Theatre is a fragile medium. People who work in the theatre know how vulnerable the making of a production is and how many factors its success depends upon. That is now becoming very clear. Theatre only exists in the direct, physical relation between the actors on stage and between the stage and the audience. Theatre is essentially being together in the same space at the same time. One moment there is theatre and the next moment it is no longer there. In essence, theatre is illusory. And thus light. A world of mere appearances that disappears a moment later.
That lightness suddenly became impossible under the weight of the pandemic. The harsh reality of the numbers – of infections, hospitalizations, intensive care treatments, deaths – threatened to crush the imagination. And not just the imagination. The whole material underpinning of that imagination as well: the administration, the communications, the technical crew, and so forth. Not only had hard times begun for the artists, but also for all the other employees. We considered and still consider it to be our first and most important responsibility to safeguard everyone's financial situation in these difficult months.
Simply making theatre as usual was no longer possible. Everywhere, theatres tried to communicate with their audience digitally and often in a very inventive and creative manner. We certainly have learned from that for the future. But at the same time this also made clear how specific our medium is. Theatre is a physical and a social event. It cannot simply be captured on a computer screen, no matter how sophisticated. Theatre is a total experience in which ordering the ticket, going to the theatre, meeting other spectators, having a drink beforehand and discussing the show afterwards are integral parts of it.
But wherever there is danger, a hero always shows up in the myths too. It is Perseus who succeeds in chopping off Medusa's head without looking her in the eye. He catches her gaze indirectly through a reflection on his bronze shield. For Calvino, Perseus, who flies with winged sandals, stands for the lightness that can break through petrification and immobility. For him, Perseus symbolizes the artist who deals with reality not directly or straightforwardly but through a detour.
The theatre, too, tried to shake off the gravity and weight of the corona crisis. Some theatres resolutely opted for monologues. Or public space. We also thought and discussed long and hard with the Toneelhuis makers. We decided to make the shows we had already been planning to do before the crisis. After all, those shows were based on the artistic choices of the various makers – and their artistic choices have always been the driving force behind Toneelhuis. The corona crisis has not made them less important. On the contrary, in fact. Certain choices have even gained an extra dimension because of what has occurred. The next show that I myself am making – a diptych consisting of Antigone in Molenbeek (Stefan Hertmans) and Tiresias (after Kate Tempest) – is more relevant than before for me because of the crisis and the debate on racism. Antigone and Tiresias are two figures who because of their choices are in the margins of society, and from there they give us a look not only at the codes and conventions but also the prejudices and discriminations that society is based upon.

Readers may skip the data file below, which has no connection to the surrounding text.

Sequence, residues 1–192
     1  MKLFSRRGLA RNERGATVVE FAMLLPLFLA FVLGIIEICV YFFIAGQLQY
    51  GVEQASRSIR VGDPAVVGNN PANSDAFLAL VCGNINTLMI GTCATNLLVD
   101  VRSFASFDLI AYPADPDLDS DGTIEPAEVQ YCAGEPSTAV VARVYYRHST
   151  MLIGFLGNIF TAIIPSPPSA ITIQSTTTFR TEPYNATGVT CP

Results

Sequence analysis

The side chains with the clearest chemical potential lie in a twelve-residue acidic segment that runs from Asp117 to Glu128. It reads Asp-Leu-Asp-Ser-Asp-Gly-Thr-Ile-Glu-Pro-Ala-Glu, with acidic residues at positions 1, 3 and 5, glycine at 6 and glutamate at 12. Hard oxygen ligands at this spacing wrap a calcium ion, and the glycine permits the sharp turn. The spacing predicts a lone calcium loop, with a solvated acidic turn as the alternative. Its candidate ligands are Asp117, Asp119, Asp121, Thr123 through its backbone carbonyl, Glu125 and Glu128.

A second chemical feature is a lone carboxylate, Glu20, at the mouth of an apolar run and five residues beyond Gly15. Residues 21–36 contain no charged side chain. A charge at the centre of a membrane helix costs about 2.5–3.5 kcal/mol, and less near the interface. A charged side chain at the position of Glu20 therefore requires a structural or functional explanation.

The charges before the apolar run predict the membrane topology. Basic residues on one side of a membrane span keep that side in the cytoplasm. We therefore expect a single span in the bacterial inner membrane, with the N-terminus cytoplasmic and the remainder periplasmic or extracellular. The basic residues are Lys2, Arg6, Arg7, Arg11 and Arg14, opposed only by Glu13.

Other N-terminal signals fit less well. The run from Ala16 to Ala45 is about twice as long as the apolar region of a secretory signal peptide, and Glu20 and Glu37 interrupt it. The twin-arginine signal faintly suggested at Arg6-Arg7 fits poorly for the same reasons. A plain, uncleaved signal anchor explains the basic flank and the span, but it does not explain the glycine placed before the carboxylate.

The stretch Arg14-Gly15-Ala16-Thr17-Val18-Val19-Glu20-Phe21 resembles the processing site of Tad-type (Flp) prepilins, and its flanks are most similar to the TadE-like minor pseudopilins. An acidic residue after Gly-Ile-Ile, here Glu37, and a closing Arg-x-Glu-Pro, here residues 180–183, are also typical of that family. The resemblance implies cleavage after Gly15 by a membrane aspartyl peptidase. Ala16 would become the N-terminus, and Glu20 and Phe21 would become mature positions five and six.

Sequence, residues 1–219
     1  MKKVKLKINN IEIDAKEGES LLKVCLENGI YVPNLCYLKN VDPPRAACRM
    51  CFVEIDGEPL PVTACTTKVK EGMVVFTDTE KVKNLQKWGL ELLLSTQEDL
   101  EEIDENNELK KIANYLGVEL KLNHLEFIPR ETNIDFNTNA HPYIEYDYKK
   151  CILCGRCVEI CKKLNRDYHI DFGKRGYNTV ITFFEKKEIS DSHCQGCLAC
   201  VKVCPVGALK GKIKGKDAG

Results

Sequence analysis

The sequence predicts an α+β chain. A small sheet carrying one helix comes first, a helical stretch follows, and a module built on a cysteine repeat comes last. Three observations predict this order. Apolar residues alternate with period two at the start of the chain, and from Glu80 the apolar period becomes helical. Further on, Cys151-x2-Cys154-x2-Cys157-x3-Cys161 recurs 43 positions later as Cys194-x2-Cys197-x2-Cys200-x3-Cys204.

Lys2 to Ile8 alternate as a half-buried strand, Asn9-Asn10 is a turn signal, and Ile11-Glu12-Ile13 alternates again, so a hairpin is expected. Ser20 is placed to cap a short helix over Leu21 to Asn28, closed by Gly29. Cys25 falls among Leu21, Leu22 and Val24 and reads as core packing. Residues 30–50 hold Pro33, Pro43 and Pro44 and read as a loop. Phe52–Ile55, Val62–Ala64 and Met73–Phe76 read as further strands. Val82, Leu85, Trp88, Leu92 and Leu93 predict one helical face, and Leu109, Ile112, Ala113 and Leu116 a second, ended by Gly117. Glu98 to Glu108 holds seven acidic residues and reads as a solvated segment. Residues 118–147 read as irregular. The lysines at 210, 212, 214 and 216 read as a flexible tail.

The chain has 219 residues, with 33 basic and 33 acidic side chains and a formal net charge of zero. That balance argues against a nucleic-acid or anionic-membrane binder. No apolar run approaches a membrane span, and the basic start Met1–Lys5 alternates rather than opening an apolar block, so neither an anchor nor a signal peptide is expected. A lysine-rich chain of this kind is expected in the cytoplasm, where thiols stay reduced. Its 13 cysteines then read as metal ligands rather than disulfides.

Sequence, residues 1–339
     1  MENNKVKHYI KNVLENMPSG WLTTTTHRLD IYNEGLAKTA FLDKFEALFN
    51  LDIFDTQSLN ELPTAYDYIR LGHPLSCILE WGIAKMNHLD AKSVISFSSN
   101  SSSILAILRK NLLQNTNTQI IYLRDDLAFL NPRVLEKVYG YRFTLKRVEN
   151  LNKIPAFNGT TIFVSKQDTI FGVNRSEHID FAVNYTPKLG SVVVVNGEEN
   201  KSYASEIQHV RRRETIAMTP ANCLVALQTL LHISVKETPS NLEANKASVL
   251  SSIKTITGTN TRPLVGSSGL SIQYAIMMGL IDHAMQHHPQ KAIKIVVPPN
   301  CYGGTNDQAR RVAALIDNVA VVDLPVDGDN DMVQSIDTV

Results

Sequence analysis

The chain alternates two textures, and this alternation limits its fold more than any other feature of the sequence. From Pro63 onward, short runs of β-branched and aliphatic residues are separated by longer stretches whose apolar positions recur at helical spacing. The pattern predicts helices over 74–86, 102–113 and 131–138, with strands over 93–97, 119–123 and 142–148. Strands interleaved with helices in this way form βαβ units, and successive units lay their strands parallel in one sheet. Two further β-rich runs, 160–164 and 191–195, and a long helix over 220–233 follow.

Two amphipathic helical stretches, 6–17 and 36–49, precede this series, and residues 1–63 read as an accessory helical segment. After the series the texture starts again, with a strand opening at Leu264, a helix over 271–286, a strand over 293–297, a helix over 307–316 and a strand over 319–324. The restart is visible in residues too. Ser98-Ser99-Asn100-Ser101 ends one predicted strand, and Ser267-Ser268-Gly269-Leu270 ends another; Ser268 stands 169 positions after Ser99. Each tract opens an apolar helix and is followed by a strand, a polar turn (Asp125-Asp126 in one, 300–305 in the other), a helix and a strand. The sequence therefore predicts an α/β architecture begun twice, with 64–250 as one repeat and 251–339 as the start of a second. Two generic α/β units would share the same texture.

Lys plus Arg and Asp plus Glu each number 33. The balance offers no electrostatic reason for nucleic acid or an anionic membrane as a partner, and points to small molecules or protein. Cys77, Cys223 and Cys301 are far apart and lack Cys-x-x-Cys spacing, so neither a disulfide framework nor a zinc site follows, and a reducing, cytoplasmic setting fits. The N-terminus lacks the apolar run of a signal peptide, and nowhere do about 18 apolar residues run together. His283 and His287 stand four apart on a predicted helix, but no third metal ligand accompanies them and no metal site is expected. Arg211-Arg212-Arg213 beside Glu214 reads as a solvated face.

This also applies to the other shows; but more about that in the next memos. Toneelhuis wants to wait until the end of August before announcing the programme for the next season. By that time there may be even more clarity about the conditions in which theatre productions can be made and shown. By that time we can make more informed decisions about how and where we present our shows.
We want to approach these ‘heavy’ circumstances in a ‘light’ way. Like Perseus,we want to avoid the petrifying gaze of Medusa. “It is in self-limitation that a master shows himself”, goes the famous saying by the German writer Goethe. The limitations imposed by the virus also give us the opportunity – if we take the time for it – to think about other forms of communication. We must avoid two extremes: on the one hand quickly coming up with obvious alternatives and on the other hoping that everything as soon as possible will be just like it was before. Because then we will have learned nothing.
Guy Cassiers, published on 18 June 2020